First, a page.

National Highways is advising drivers to pay attention to messages on the overhead electronic signs and listen for radio updates. Further information can be found by visiting www.trafficengland.com, following them on Twitter or calling the National Highways Information Line on 0300 123 5000. The latest weather forecast can be seen online at www.metoffice.gov.uk

Lincolnshire County Council has said that with amber warnings issued for Storm Eunice’s high winds it has issued key numbers you need to know in Lincolnshire.
East Midlands Railway (EMR) is advising customers on its Lincolnshire routes to not travel tomorrow (Friday) due to the possible severe disruption Storm Eunice will cause.

Matt Stacey, Head of Stations at East Midlands Railway, said: “As the storm strength and potential impact becomes clearer, we are now strongly advising customers to not travel at all tomorrow.

“We also urge customers to try and complete their journeys today - if possible.

“The strength of Storm Eunice will mean that on Friday there is likely to be widespread disruption to services across the country’s rail network.

“If customers absolutely need to travel we suggest they check our website for the latest information before setting off. They should also leave themselves plenty of extra time to reach their destination.”

The rail operator says roads and bridges are likely to close, it is possible that there will be many falling branches and some uprooted trees too.

These conditions will cause significant disruption across the railway network and trains will be required to travel much slower.

There will also be significantly fewer trains on some routes and journey times will be significantly increased - with some journeys taking up to twice as long to complete.

EMR will do everything it can to offer alternative routes during times of unplanned disruption, however customers should keep in mind that other rail routes are likely to be also affected and road conditions may restrict its ability to respond to incidents with Rail Replacement buses and other road transport.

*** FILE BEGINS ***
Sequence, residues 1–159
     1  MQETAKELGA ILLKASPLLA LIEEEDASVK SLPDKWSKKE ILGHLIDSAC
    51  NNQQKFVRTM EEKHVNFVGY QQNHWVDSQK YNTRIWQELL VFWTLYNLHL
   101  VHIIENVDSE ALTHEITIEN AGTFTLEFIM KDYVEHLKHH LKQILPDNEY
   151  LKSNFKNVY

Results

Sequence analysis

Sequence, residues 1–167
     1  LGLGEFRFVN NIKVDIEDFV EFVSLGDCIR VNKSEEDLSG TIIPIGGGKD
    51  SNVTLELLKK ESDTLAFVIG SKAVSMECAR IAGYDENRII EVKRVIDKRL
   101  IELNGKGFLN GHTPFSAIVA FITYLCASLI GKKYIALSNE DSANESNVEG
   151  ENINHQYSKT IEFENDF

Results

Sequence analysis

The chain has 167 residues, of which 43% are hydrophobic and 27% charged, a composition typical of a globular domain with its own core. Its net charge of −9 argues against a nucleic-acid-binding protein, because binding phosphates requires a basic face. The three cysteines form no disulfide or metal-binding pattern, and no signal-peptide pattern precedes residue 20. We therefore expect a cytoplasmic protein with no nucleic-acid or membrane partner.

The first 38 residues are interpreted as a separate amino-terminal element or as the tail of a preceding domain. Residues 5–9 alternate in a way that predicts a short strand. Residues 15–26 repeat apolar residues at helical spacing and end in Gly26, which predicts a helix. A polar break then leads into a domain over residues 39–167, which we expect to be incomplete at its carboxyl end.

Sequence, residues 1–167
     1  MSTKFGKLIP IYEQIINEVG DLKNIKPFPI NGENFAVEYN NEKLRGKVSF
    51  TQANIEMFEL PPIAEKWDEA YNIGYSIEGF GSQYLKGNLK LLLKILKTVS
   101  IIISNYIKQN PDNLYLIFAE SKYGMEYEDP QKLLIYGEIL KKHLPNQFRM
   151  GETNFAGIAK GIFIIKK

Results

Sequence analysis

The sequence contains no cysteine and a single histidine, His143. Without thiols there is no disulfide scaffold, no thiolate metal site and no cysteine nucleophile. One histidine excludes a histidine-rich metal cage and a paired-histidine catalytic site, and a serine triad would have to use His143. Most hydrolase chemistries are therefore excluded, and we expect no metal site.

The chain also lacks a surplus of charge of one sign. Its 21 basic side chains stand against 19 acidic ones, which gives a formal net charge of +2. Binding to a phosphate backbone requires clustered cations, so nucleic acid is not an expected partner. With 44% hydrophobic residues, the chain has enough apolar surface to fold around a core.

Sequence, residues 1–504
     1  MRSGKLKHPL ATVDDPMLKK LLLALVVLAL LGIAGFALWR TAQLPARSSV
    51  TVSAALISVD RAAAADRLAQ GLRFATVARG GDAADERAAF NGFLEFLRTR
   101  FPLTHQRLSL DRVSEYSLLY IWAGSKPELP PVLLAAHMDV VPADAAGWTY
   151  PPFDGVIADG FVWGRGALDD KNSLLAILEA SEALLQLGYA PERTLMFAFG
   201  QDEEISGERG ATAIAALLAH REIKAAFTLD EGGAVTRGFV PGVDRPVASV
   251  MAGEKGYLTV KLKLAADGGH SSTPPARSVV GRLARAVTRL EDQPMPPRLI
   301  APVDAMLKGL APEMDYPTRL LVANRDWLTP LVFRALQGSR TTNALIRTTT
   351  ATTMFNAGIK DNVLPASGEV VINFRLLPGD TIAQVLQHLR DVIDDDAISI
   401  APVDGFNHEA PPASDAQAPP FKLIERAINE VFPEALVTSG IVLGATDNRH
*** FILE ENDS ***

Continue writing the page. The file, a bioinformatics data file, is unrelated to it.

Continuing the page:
Customers with tickets for Friday and are not travelling can claim a refund.

Network Rail has deployed additional trained workers at key locations across the East Midlands region to respond to issues quickly, as strong winds and heavy rain are expected to cause widespread disruption for the railway.

Fallen trees and other debris can blow onto the line, with the potential to damage train-powering electric wiring or block the track.

Gary Walsh, East Midlands Route Director for Network Rail, said: “Running a railway through extreme weather is always a challenge. We have extra workers out on the network at key locations, ready to react quickly to Storm Eunice and repair the railway wherever it’s safe to do so. As the weather worsens I’d advise passengers to avoid travelling on Friday and, wherever possible, try to replan your journey when conditions improve.”

North Kesteven District Council is also preparing for a tricky day for bin collections. The authority said: “Where customers can, we ask that they place their purple-lidded bin in a position that’s sheltered from the prevailing wind and reduces the risk of it blowing over. It still needs to be visible and accessible though.

“Also, where they can, to consider the need for putting the bin out overnight.

“Crews will start collecting from around 7.30am and we won’t be able to return for any bins presented too late. Collection times can and do change so please ensure you don’t miss out.

“And if you are able to bring your bin back in as soon as possible after emptying, again that will be enormously helpful.”

They added: “As is usual in windy conditions, our crew have been reminded to be vigilant and take extra care and for any bin that may be in an area where the wind could catch it, to lay bins down after being emptied.“